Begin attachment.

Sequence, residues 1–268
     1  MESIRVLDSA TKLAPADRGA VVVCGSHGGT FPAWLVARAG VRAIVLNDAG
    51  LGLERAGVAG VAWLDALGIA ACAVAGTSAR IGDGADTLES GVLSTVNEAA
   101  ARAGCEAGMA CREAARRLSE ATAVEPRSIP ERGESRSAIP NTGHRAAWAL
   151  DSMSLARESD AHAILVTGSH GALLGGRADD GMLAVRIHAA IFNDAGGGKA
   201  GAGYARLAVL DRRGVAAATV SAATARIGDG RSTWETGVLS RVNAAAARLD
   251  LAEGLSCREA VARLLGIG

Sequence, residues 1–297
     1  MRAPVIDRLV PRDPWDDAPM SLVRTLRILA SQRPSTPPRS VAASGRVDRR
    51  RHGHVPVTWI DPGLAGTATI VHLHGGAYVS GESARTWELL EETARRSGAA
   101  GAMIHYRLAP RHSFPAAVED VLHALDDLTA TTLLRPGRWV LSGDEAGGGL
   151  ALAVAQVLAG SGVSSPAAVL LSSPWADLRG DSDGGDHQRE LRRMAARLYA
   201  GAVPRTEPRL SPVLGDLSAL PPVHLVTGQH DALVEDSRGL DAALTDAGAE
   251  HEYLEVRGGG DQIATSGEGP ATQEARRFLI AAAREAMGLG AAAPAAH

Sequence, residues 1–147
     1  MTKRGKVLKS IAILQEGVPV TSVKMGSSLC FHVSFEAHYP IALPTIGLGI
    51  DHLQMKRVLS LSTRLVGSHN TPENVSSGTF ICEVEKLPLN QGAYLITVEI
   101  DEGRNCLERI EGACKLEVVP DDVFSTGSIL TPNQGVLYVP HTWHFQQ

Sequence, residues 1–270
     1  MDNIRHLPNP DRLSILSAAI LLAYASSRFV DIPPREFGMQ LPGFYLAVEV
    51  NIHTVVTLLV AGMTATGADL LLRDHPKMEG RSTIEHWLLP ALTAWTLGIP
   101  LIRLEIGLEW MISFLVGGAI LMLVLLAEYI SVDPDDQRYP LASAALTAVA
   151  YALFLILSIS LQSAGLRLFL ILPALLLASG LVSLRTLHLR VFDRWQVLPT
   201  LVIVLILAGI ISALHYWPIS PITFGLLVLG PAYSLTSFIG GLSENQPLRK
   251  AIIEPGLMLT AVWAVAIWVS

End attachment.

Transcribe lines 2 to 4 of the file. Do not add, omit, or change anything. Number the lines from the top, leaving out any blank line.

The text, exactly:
     1  MESIRVLDSA TKLAPADRGA VVVCGSHGGT FPAWLVARAG VRAIVLNDAG
    51  LGLERAGVAG VAWLDALGIA ACAVAGTSAR IGDGADTLES GVLSTVNEAA
   101  ARAGCEAGMA CREAARRLSE ATAVEPRSIP ERGESRSAIP NTGHRAAWAL